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Waterman v. Groves

United States District Court, D. Kansas

December 13, 2018

BRIAN MICHAEL WATERMAN, Plaintiff,
v.
DAVID GROVES, et al., Defendants.

          MEMORANDUM & ORDER ON MOTION TO APPOINT COUNSEL

          KENNETH G. GALE UNITED STATES MAGISTRATE JUDGE

         Now before the Court is the second Motion to Appoint Counsel (Doc. 44) filed by Plaintiff Brian Michael Jones. Plaintiff is in custody in the Cherokee County, Kansas, jail awaiting trial for first degree murder, aggravated kidnapping, aggravated battery, and aggravated burglary. He brings the present lawsuit against Defendants, who consist of various jail and/or county officials, alleging denial of due process, denial of a medically necessary diet, retaliation for threatening to file grievances, and denial of the right to practice religion.

         Plaintiff filed a previous motion to appoint counsel in this case. (Doc. 32.) That motion was denied, without prejudice, by District Judge Sam Crow, who held that

[t]his case is near the end of the screening stage and to this point plaintiff has done a capable job of representing himself. For the remaining time that this case is assigned to the undersigned judge, the court believes appointment of counsel is unnecessary. This case may be reassigned to another judge in the near future. The court does not wish to tie the hands of another judge as to this question. Therefore, the motion is denied without prejudice.

(Doc. 34, at 1-2.) Within this context, the Court will address Plaintiff's current motion to appoint counsel (Doc. 44).

         As an initial matter, the Court notes that there is no constitutional right to have counsel appointed in civil cases such as this one. Beaudry v. Corr. Corp. of Am., 331 F.3d 1164, 1169 (10th Cir. 2003). “[A] district court has discretion to request counsel to represent an indigent party in a civil case” pursuant to 28 U.S.C. § 1915(e)(1). Commodity Futures Trading Comm'n v. Brockbank, 316 Fed.Appx. 707, 712 (10th Cir. 2008). The decision whether to appoint counsel “is left to the sound discretion of the district court.” Lyons v. Kyner, 367 Fed.Appx. 878, n.9 (10th Cir. 2010) (citation omitted).

         The Tenth Circuit has identified four factors to be considered when a court is deciding whether to appoint counsel for an individual: (1) plaintiff's ability to afford counsel, (2) plaintiff's diligence in searching for counsel, (3) the merits of plaintiff's case, and (4) plaintiff's capacity to prepare and present the case without the aid of counsel. McCarthy v. Weinberg, 753 F.2d 836, 838-39 (10th Cir. 1985) (listing factors applicable to applications under the IFP statute); Castner v. Colorado Springs Cablevision, 979 F.2d 1417, 1421 (10th Cir. 1992) (listing factors applicable to applications under Title VII). Thoughtful and prudent use of the appointment power is necessary so that willing counsel may be located without the need to make coercive appointments. The indiscriminate appointment of volunteer counsel to undeserving claims will waste a precious resource and may discourage attorneys from donating their time. Castner, 979 F.2d at 1421.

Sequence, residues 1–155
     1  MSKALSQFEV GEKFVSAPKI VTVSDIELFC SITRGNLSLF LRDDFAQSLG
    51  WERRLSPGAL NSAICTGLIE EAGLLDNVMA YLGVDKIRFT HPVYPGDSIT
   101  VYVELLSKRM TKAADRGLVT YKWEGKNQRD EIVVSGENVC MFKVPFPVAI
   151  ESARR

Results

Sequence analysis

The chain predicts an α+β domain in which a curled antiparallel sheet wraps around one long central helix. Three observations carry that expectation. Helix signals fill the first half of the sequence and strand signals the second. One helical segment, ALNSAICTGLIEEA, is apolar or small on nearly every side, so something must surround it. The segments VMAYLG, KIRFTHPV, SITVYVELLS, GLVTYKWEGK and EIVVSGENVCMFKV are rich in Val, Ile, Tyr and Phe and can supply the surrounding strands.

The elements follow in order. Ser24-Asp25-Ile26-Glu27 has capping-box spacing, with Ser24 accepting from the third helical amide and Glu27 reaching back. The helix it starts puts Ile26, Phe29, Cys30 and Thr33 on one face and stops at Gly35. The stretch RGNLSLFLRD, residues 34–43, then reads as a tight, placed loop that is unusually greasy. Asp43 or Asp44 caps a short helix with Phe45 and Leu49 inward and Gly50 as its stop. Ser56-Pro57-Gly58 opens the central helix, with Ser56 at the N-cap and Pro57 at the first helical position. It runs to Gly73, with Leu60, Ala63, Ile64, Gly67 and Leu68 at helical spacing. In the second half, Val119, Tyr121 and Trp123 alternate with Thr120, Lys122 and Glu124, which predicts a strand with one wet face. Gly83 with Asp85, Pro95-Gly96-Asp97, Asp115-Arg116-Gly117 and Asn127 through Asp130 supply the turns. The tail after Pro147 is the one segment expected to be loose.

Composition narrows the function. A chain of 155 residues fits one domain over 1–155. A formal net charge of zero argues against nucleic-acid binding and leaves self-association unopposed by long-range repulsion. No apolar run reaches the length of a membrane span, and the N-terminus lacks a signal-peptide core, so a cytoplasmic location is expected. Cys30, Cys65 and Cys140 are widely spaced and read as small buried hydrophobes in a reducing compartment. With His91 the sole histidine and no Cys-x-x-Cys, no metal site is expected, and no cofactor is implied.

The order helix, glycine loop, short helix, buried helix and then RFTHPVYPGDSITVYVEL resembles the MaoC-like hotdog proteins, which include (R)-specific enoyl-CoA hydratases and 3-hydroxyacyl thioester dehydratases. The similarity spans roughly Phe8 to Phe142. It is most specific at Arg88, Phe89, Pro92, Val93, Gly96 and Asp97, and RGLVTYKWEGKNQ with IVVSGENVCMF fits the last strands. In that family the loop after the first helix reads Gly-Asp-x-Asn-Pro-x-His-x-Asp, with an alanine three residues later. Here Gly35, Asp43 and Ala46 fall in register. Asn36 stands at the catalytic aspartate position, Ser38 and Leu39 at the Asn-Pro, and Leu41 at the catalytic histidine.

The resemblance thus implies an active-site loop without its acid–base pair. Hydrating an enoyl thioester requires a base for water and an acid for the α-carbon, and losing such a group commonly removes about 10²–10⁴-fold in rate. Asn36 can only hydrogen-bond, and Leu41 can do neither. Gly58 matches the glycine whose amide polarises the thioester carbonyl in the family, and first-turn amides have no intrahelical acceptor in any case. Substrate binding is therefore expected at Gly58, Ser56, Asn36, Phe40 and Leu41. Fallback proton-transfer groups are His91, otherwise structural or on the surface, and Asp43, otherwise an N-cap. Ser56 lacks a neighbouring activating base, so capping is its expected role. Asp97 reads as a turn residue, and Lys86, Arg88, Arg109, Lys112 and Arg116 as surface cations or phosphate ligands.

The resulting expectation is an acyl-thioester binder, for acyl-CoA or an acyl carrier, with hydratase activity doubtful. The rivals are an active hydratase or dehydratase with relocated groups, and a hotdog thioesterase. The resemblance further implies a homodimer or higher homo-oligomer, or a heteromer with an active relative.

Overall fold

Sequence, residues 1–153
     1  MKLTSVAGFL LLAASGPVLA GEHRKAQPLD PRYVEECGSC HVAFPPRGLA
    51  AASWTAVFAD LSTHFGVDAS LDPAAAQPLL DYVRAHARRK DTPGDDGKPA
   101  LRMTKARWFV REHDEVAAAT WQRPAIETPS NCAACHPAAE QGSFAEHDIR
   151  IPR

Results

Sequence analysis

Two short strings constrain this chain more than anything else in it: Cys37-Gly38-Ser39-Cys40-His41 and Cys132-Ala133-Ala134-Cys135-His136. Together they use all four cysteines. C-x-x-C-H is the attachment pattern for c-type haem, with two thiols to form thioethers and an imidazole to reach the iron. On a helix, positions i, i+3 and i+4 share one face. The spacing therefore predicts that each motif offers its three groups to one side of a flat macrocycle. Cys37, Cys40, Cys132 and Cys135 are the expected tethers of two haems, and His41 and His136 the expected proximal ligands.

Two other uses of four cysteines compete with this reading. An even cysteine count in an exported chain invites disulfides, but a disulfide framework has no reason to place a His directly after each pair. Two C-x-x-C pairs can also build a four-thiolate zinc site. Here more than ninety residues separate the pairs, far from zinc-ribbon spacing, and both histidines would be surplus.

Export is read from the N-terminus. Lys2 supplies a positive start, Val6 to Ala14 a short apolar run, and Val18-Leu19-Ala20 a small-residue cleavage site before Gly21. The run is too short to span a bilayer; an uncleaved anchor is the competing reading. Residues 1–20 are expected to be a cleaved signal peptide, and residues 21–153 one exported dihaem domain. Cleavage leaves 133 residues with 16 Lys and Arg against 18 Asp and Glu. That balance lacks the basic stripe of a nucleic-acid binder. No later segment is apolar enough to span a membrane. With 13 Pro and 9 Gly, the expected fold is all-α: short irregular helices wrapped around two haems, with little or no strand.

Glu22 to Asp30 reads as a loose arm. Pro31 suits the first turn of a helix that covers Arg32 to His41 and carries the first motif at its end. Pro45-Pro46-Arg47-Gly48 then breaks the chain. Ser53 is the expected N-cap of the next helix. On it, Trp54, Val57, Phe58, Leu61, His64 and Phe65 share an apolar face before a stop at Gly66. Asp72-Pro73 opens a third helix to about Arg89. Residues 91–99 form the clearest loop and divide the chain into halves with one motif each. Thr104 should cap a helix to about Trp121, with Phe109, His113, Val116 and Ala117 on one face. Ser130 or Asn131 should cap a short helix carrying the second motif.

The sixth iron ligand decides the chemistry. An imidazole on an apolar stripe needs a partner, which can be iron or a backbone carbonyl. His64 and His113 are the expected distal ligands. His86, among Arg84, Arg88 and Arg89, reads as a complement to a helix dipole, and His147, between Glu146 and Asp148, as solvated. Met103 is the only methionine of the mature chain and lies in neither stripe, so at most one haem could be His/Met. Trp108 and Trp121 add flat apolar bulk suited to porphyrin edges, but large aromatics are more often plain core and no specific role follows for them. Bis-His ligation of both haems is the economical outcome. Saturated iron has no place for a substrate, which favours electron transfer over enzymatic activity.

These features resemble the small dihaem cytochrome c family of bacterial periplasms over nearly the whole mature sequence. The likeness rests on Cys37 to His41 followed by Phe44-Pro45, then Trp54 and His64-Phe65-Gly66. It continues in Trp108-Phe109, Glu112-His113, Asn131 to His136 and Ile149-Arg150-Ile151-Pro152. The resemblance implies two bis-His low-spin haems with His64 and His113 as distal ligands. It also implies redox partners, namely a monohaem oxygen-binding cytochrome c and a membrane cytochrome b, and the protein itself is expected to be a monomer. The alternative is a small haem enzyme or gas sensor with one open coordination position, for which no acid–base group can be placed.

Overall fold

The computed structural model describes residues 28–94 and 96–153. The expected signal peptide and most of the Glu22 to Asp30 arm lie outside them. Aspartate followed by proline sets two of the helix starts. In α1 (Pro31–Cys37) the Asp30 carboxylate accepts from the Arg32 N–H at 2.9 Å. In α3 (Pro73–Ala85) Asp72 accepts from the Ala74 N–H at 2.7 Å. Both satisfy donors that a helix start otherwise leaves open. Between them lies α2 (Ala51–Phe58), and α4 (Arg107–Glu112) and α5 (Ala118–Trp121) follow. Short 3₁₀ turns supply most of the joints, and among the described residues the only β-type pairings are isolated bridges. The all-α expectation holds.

As stated above, Plaintiff is an inmate awaiting trial for various violent felonies including kidnapping and murder. His prior Motion to Proceed In Forma Pauperis (Doc. 2) was granted by District Judge Sam Crow, who assessed a partial filing fee (Doc. 7). Given these circumstances, the Court finds Plaintiff's financial situation would make it impossible for him to afford counsel. The second factor is Plaintiff's diligence in searching for counsel. Given Plaintiff's incarceration, the Court finds that it would be very difficult for him to seek counsel to represent him in this civil lawsuit. As such, this factor will not be determinative.

         As for the next factor, the Court has concerns regarding the viability of Plaintiff's claims. See McCarthy, 753 F.2d at 838-39 (10th Cir. 1985); Castner, 979 F.2d at 1421. The Court notes that a Motion to Dismiss Plaintiff's claims is currently pending before the District Court. (Doc. 45.)

         The Court's analysis thus turns to the final factor, Plaintiff's capacity to prepare and present the case without the aid of counsel. Castner, 979 F.2d at 1420-21. In considering this factor, the Court must look to the complexity of the legal issues and Plaintiff's ability to gather and present crucial facts. Id., at 1422. The Court notes that the factual and legal issues in this case are not unusually complex. Cf. Kayhill v. Unified Govern. of Wyandotte, 197 F.R.D. 454, 458 (D.Kan. 2000) (finding that the “factual and legal issues” in a case involving a former employee's allegations of race, religion, sex, national origin, and disability discrimination were “not complex”).

         The Court sees no basis to distinguish Plaintiff from the many other untrained and/or incarcerated individuals who represent themselves pro se on various types of claims in Courts throughout the United States on any given day. Although Plaintiff is not trained as an attorney, and while an attorney might present this case more effectively, this fact alone does not warrant appointment of counsel. As such, the Motion to Appoint Counsel (Doc. 44) is DENIED.[1]

         IT IS THEREFORE ORDERED that Plaintiff's Motion for Appointment of Counsel (Doc. 44) is DENIED.

         IT ...


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